In Asia, however, the institutional context for the development of the nonprofit sector is very different, reflecting Asia’s very diverse historical, political, economic, and social experiences.
One challenging element is the persistence of state-centered systems of governance. Much more than in the U.S., the state is the dominant actor in political, economic, and social life throughout Asia, with less space for “civil society.” This is the case where the state has been centralized and powerful for long time (e.g., Japan and Korea), or where it feels itself threatened by the emergence of new forces, including potentially powerful nonprofit organizations (e.g., Bangladesh and China). In either scenario, the state seeks to maintain or assert its dominance over public life, and citizens expect the state to play the dominant role. Existing laws and regulations throughout the region are heavily weighted to the security concerns of governments. It is generally much easier throughout the region to register and operate a “foundation” or a “trust,” which are collections of assets, than it is to register an “association,” which is a collection of people.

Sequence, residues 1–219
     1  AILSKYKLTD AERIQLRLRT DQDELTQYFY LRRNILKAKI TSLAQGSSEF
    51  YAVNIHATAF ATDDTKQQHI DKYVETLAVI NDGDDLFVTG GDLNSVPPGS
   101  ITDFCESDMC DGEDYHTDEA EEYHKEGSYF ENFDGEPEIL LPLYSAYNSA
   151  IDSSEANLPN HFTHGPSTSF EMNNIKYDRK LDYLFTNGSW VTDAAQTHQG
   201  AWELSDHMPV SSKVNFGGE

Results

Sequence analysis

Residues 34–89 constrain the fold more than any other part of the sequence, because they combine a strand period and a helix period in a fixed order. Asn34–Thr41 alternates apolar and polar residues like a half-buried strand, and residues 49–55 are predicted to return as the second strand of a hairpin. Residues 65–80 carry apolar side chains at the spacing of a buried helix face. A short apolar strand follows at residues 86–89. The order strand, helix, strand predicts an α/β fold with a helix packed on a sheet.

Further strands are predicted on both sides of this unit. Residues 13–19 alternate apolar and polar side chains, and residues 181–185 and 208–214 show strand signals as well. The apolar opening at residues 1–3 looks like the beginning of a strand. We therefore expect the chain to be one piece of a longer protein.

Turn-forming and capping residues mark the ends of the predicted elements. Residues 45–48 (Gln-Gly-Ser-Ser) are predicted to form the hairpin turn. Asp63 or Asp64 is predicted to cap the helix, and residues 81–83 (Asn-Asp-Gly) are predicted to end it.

Another element includes the multiple and sometimes conflicting sources of nonprofit law and regulation, including religious traditions, pre-colonial political regimes, authoritarian colonial regimes, and post-colonial authoritarian or threatened states. As a result of these overlapping traditions and rampant adaptations from both civil law and common law traditions, nonprofit law and regulations are often contradictory, providing bureaucrats excessively broad scope for discretion in determining the application of law and regulation.